There are specific and distinct cultural reasons why insouciance (which is absolutely the correct word) has a powerful hold on ideas of traditional men's style. Mostly from English, French and Italian cultures, as they were the primary drivers of MC in the early/mid 20th Century (and like most such drivers were then swamped by, reinterpreted by, and absorbed into US culture). A mix of an aristocratic "I am a superior person of independent means and higher sensibillity and do what I like", English "don't look like you are trying too hard, or care too much", individualist posing "I am an artist" and so on. It's sort of Beau Brummell versus Lord Byron, and that duality exists in most of us.

 

 

Thank you for this post, and the reassurance that there are places in London which still hew to traditional standards! I also enjoyed the rather apt comparison of sprezz to mannerism.

 

Quote:

Originally Posted by Half a loaf View Post

Warning: Spoiler! (Click to show)

 

If you’ll permit a first post from one only recently noticing, and cursing, the lack of quality in modern clothing, I would suggest that the particular form of dress adopted on this forum has an inherent tension stemming from its history and culture that have filtered through to now due to the somewhat glacial pace of ‘gentlemanly fashion’. 

 

Consciously or unconsciously this is a style that has become archaic enough that it stands out, it is a form of ‘peacockery‘ in itself yet the forms and rules of dress were established at a time when to wear a suit was expected. Without this frame of reference there is the problem that this is a conservative form of dress made for a time when what you wore was very much defined by what you did or what social rank you had attained, as well as relatively simple rules, simple options that enabled the majority of men who did not have the time, or interest to dress without the aid of a valet. Now however, these rules are unknown by most so the touches indicating insoucience have to be exaggerated enough to convince the viewer you are not their grandfather, but not so far out that you are seen to have disregarded the rules. I would expect that if this forum had existed in the 1910s it would be full of discussion of minor variations in tie or buttoning or the latest trends that in society would be considered daring. Therefore I suggest you react against the constraints this form of dress has imposed on you through a desire for ‘insouciant dressing’ – at heart you seek to be a peacock because interested in clothes yet the form is conservative because historical. I sense slightly this tension between the good taste and the peacock thread.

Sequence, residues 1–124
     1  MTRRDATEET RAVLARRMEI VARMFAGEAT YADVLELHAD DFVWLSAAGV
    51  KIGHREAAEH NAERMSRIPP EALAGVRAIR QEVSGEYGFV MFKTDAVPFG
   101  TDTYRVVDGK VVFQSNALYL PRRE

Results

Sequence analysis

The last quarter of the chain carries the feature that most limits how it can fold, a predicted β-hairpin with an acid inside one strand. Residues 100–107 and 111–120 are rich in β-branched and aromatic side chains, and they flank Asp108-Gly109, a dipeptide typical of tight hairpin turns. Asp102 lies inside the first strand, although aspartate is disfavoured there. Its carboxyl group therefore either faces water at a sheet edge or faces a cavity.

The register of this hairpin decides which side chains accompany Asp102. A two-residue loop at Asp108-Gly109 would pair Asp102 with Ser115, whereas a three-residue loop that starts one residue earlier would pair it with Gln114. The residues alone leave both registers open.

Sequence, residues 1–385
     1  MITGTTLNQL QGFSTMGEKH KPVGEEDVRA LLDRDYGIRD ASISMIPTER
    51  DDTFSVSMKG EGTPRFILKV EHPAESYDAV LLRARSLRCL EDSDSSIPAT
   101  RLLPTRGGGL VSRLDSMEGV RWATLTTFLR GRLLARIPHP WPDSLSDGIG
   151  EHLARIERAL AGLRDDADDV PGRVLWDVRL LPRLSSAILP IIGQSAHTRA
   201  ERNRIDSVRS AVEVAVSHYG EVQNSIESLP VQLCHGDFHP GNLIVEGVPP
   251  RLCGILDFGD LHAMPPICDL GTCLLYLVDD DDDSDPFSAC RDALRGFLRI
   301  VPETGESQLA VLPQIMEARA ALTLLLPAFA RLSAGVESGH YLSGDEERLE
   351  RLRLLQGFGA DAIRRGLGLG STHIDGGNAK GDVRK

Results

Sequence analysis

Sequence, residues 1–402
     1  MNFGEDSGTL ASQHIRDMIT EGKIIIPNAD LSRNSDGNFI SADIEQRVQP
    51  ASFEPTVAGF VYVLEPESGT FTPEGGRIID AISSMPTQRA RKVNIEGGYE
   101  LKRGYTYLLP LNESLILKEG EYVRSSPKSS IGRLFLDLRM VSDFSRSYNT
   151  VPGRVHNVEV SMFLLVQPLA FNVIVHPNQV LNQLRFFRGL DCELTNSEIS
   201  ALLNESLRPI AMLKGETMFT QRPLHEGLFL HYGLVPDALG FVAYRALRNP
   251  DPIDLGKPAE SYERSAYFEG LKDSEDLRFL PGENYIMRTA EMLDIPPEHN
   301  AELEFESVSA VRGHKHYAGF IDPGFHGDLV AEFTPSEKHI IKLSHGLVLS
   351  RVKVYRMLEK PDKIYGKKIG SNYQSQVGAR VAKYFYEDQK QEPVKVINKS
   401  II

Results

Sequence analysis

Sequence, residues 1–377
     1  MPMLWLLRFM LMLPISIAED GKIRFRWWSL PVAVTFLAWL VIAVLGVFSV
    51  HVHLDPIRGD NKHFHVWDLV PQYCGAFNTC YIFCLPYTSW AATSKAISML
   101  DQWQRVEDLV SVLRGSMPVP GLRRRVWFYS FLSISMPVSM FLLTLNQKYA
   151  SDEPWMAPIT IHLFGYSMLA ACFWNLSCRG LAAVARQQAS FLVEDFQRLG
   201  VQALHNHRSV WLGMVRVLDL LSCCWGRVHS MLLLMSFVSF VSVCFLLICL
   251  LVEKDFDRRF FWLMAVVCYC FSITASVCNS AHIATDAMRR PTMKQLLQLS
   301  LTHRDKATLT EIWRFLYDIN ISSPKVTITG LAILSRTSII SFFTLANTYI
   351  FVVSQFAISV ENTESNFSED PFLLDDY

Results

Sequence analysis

An alternative theory – about the time men went to church every Sunday and the poorest labourer had only one formal suit: his ‘Sunday best’ that irritated him and made him fidget and rearrange his starched collar, only the wealthy were used to regularly wearing formal clothes of a good quality and fit. Thus, to show they were of the right class they might ensure they showed comfort and a feeling of being at ease in their armour through little touches of self-confidence and laissez-faire attitude. If not perhaps they would have seemed as though being too obvious, portraying themselves as of a class to which they did not belong. An analogy might be to forms of speech that supposedly reveal class to those in the know – the social climbers ‘pardon?’ as apposed to the more at ease ‘what?’ of the upper-crust. For those interested in clothes one could not step out of rank to a large extent in a sartorial sense unless a) they were very brave, b)unconcerned with reputation, or c) important enough to make and break rules of dress (royal family etc). Little touches of expressionism might be allowed though and perhaps be an inside code, a signal of belonging, and good taste, distinguishing the old money from the new.

 

Thirdly, the tall poppy syndrome (TPS). As we all aware us English love nothing better than to bring down a man who has overreached himself. Overstepping the line, striving too hard for something, or showing pomposity, are all grounds for a beasting from the press or one’s peers. Displaying an insouciance suggests one does not care, is not bothered, has other things one one’s mind, and allows one to withdraw slightly from above the parapet, to reassure the viewer he is not in the company of a bore or prat (TPS).